Last night, I spent an hour working on camel walks; driving myself crazy trying to figure out some unfamiliar footwork variations.
Camel walks are a jazz step that I used to look at and wonder “how the heck do they make their legs do that?”
Here is the video that first inspired me to learn them. It’s from the 2009 Old School dance battle in Sweden pitting jazz dancers (the Harlem Hot Shots) versus hip hop dancers (Streets R us). One of the gals from the Harlem Hot Shots enters the arena by doing some very slick camel walks at :53 seconds into the clip, then breaks into some mean squat charleston (which is next on my list to learn).
I recommend watching the rest of the series too. It’s a great battle.
It’s that “how the heck?” feeling that inspired me to watch this video over and over (and over) until I could do it myself.
The problem with this video (besides the music) is that you don’t get too much instruction; you have to figure it out by watching him. (Just remember that no matter what it looks like, you step one foot after the other. right, left, right, left... ).
Here’s the video that had me camel walking around the room for an hour this time. It’s Stefan and Bethany’s routine from the Jump Session Show at Camp Jitterbug 2010. I’ve always loved their choreography. They have such a loose, relaxed quality to their movements.
I had to watch it over and over (and in slo-mo to be honest) to figure out what they were doing. The camel walks start at 1:38.
Here’s what I figured out: they did 8 counts to the right, then 8 counts to the left. They shuffle and shift their feet a bit differently than I’m used to, which is what took me so long to figure out.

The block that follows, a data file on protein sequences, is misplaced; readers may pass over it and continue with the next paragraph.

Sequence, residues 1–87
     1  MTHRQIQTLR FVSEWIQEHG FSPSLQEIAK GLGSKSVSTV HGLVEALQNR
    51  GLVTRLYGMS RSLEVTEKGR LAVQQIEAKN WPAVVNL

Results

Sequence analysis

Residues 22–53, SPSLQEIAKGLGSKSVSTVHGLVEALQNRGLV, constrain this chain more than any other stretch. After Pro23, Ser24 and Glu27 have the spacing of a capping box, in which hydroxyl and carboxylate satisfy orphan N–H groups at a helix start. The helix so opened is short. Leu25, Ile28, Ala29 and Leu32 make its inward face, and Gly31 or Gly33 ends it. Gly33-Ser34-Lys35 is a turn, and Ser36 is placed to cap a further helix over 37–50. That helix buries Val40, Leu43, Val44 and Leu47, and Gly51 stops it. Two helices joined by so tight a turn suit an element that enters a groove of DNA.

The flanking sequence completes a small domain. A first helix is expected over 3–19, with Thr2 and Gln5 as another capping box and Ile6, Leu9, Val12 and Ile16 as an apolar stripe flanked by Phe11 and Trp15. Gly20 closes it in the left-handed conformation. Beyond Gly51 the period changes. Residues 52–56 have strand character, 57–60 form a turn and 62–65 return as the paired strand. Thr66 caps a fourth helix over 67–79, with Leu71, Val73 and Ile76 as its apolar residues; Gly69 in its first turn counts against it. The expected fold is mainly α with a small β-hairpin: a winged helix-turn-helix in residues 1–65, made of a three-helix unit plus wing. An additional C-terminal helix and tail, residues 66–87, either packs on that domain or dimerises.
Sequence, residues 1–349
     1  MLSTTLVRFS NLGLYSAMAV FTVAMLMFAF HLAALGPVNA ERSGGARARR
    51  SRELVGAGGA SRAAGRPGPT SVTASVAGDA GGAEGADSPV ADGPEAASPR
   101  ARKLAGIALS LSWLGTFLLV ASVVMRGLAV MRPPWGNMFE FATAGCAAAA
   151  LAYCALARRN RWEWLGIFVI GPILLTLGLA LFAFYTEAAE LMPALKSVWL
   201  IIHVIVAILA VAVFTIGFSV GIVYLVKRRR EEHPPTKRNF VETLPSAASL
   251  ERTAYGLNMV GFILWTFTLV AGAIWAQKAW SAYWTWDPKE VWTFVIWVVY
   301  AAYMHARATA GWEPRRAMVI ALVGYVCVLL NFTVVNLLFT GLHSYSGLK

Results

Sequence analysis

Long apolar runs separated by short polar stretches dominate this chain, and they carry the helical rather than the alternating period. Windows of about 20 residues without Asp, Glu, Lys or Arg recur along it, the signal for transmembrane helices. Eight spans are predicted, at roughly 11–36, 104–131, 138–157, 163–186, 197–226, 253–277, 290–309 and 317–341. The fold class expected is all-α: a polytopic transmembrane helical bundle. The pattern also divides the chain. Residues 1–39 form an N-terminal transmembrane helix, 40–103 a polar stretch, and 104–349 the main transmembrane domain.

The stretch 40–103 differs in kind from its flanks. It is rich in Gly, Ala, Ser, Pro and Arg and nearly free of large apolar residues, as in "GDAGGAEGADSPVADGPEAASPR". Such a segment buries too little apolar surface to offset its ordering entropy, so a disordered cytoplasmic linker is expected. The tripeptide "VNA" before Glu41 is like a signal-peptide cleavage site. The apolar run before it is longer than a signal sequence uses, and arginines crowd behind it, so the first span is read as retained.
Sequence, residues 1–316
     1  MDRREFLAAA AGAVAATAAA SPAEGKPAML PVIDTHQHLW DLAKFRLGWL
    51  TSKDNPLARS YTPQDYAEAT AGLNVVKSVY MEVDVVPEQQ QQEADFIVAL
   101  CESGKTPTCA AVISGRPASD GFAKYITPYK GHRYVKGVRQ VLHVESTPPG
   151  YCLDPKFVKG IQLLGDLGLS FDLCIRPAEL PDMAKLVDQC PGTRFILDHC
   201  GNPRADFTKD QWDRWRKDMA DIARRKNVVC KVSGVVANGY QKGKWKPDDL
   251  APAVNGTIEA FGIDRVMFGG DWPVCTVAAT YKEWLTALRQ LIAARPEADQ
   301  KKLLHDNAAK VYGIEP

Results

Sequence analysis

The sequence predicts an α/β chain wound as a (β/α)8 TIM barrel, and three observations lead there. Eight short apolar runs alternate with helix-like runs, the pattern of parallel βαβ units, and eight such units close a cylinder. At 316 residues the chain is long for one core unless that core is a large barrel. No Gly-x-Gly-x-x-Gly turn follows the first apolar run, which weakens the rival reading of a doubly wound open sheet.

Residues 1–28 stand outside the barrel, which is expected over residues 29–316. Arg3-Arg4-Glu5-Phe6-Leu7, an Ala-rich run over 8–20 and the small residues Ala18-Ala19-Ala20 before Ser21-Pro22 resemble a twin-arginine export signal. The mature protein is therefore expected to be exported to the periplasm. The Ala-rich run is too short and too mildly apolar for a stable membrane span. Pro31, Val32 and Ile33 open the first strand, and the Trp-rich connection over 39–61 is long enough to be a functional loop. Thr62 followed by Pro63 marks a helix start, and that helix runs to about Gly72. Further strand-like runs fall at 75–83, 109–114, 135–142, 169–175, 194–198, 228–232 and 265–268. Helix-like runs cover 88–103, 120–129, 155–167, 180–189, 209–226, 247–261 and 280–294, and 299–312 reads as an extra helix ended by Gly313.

Now that I think about it, it’s that “how the heck?” curiosity that keeps me on the dance floor and keeps me motivated to continue learning. I love to watch videos of great dancers in order to steal fancy footwork, odd figures and swingout variations. I’m constantly inspired by (read: steal from) all the dancers on the floor around me at dances.
The best part about stealing (and learning in general) is “owning” the material and then varying it to make it your own. I’ve spent entire dances with friends coming up with different (and often silly) camel walk variations. In fact, I spent the entire evening before this year’s DCLX figuring out how to do them backwards, just so I could one-up my friends during our camel walk showdown. I think I was beat by KF, who showed us all up by doing an opposing shoulder isolation with her camel walks. (It looks as weird as it sounds).
Now I have to figure out something new by the next time I see them!
Interview w/ Norma Miller (Beantown 2018)
1 week ago